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First Spin: The Week’s Best New Dance Tracks From Baauer, Kaytranada & Anderson .Paak, Bklava & More

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This week in dance music: We caught ODESZA’s comeback show in their hometown of Seattle, Beatport announced a new CFO, Beyoncé dropped three very excellent “Break My Soul” remixes and hit No. 1 on Dance Mix/Show Airplay with that same track, we spoke to Kevin Aviance on the drag icon’s appearance on Renaissance, Domino Records launched a new electronic imprint, the legend Claude VonStroke answered 20 questions and Calvin Harris released his long-awaited album, Funk Wav Bounces Vol. 2.

That’s a lot! But is there more? There’s so much more! Let’s dig in.

Baauer, “Let Me Love U”

There’s no play button we press harder and faster than a new hit from Baauer, and the hitmaker’s latest showcases the groovier, disco-ier side of his production prowess. “Let Me Love U” is full of summer funk and romantic sentiments. The chipmunk vocal sample is enough to have us dance in the streets, which is exactly what folks are up in the official music video. Directed by Leia Jospé, the clip is described by Baauer in a Tweet as “a love letter to New York City <3 aka the #1 city in the world.” We see the music man wandering the Big Apple with a big boom mic in hand, capturing close-ups of real NYC characters up to their best and worst behavior. It’s hilarious, and it makes you feel good — almost as good as the track’s infectious hook. – KAT BEIN

Kaytranada & Anderson .Paak, “Twin Flame”

In 2016, Kaytranada and Anderson .Paak collaborated on the confidence-swelling song “Glowed Up” for the former’s debut album, 99.9%. Since then, both have been pretty busy, from making more LPs and winning Grammys to collaborating with Bruno Mars, H.E.R., Lucky Daye and Kendrick Lamar between them. Six years later, they’ve reunited on new single “Twin Flame,” which according to Kaytra has been in the vaults for at least two years. “Twin Flame” shows both parties at their peak: Kaytra samples a deep cut from disco greats Sister Sledge and gives it an irresistibly cool lean and punch with his signature swinging drums, along with some chopped vocal croons and celestial synth textures. Meanwhile, .Paak raps on the beat like he’s gliding down Hollywood Blvd in a luxury whip, soulful and smooth as hell. “Twin Flame” is best enjoyed in music-video form, complete with statement fits and both artists’ rock star presence. — KRYSTAL RODRIGUEZ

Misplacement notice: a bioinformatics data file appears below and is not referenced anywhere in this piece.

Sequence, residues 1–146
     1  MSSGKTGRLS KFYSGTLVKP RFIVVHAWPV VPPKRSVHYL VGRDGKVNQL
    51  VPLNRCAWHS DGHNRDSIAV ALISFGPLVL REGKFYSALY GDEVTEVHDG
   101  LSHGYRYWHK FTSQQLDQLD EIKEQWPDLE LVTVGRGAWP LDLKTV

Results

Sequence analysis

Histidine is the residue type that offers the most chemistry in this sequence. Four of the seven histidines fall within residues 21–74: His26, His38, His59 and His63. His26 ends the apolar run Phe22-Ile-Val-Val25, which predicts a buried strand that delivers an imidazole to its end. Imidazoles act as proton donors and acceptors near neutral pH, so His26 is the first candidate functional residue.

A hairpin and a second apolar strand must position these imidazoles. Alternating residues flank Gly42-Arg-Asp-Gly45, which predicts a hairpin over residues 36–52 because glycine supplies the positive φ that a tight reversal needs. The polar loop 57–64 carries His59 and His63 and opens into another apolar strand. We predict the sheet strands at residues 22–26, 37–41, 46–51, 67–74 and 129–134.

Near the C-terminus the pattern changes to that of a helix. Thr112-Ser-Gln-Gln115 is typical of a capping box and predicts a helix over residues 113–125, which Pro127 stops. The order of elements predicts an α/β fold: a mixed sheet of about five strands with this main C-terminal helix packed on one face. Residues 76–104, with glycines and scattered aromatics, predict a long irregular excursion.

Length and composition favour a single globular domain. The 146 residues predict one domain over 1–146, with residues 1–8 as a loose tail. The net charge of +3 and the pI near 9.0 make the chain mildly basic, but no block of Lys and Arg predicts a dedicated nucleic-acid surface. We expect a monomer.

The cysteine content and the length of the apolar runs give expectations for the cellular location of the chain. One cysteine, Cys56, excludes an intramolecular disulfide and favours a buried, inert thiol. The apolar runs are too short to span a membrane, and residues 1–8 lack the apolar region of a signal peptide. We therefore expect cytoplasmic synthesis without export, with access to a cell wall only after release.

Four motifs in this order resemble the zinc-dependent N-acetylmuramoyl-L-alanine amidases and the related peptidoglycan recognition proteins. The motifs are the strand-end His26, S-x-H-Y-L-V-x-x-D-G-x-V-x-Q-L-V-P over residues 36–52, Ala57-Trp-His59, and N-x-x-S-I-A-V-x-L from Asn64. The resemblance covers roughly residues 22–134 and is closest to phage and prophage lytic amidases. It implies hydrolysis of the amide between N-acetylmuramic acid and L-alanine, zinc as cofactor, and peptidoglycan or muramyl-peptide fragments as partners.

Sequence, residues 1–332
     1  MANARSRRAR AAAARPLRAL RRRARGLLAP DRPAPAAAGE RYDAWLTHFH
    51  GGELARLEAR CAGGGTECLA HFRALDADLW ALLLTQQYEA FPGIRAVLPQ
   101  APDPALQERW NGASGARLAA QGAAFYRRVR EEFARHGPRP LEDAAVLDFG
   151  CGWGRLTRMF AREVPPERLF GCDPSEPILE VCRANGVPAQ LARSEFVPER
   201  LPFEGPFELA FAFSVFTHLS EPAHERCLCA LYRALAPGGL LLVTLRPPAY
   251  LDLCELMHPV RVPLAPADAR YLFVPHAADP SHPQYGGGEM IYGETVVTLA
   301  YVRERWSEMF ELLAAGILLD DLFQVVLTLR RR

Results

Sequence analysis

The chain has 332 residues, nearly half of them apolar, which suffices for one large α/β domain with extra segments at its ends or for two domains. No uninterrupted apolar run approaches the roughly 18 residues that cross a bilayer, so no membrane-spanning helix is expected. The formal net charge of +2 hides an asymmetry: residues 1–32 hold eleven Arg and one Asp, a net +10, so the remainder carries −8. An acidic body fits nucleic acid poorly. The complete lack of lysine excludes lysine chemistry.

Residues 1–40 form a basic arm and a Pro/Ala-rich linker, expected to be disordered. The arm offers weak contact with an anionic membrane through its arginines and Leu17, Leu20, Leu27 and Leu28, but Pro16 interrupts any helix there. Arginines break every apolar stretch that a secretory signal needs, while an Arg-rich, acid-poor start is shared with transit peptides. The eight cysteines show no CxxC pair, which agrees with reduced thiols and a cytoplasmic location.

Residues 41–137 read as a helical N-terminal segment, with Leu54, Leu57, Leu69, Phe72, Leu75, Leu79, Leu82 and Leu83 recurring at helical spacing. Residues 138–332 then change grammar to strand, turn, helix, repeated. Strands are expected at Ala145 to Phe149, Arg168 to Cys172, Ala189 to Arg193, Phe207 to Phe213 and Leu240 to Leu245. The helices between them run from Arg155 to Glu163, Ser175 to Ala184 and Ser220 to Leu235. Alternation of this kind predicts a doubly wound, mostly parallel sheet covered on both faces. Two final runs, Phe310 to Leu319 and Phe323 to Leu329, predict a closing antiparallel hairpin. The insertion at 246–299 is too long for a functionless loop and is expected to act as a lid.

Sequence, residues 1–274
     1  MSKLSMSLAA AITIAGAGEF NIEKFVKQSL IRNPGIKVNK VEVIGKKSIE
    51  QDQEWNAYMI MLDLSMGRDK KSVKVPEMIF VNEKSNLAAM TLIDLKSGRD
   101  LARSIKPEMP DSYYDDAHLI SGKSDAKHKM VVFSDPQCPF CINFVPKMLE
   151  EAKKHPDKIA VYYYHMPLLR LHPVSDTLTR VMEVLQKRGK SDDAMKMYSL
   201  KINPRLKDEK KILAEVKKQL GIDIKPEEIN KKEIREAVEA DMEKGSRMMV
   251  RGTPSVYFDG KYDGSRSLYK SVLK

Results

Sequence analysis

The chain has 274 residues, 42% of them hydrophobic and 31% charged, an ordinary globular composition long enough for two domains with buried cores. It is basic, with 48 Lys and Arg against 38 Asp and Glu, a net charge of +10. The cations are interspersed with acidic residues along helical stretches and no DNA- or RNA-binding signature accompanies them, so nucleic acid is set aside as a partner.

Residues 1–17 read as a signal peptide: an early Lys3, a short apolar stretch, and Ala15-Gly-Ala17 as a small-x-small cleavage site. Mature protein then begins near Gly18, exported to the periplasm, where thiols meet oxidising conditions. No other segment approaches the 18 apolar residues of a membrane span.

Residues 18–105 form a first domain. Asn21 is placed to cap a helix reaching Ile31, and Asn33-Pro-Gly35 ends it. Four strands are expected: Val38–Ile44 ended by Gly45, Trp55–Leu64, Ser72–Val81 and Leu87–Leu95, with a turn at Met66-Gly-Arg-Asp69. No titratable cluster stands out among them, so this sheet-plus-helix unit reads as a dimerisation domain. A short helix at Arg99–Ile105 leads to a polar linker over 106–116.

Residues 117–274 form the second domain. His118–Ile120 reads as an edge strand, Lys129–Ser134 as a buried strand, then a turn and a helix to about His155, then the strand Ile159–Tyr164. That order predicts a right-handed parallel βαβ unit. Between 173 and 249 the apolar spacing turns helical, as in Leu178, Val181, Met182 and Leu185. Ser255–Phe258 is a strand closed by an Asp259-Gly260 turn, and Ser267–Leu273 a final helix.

Bklava, Anywhere With You

Since appearing on Billboard’s Top 10 Dance Artists to Watch list earlier this year, multi-hyphenate Bklava has been making the rounds on some of dance music’s most iconic and buzziest labels, from FFRR and Defected sub-level D4 D4NCE to Elkka’s femme culture. Her latest release, on Danny Howard’s Nothing Else Matters label, is Anywhere With You, a double-single packed with catchy vocals and the sounds of U.K. club culture. On the title track, Bklava delivers sugary, love-lorn vocals with anthemic force over a house rhythm pumped with high-speed percussion and pure adrenaline. The B-side, “Hide,” sounds and feels like the polar opposite. It’s slower, darker, broodier U.K. garage with groaning bass, sharp block hits and a rumble looming ominously in the background while Bklava cries out: “Baby, it’s too late… You don’t know what you got till it’s gone.” These two songs, with their totally different moods, prove that this rising artist is only getting better with each release. — K.R.

DJ E-Clyps feat. Tasha LaRae, “Celebrate”

DJ E-Clyps returns with a supremely breezy summer jam that fully evokes its titular celebratory vibe. A spirited pop/dance hyprid with just a hint of R&B, “Celebrate” features the Indiana-based producer on vocals that reflect on the many reasons to celebrate on this fine day — COVID didn’t take you away, BBQs are happening, the sun is out, etc. “Celebrate” follows E-Clyps recently released “Love Quake” — out via Green Velvet’s Cajual Records — and has already gotten rinsed from heroes like MK, Louie Vega, and Blessed Madonna, which is reason indeed to celebrate. — KATIE BAIN

Brijean, “Take A Trip”

Let’s take a trip to outer space, where the cocktail lounges are decorated with fuzzy couches and everyone still dresses like a retro-futurist from the 1960s. If we can’t escape gravity’s pull enough to escape Earth’s orbit, the next best thing is a jam session to Brijean’s latest single “Take a Trip.” This is smooth disco drip served on ice, and it’s just one of nine tracks on the delightful music duo’s (the L.A.-based Brijean Murphy and Doug Stuart) latest EP Angelo, out now on Ghostly International. – K. Bein

NGHTMRE, “Trials”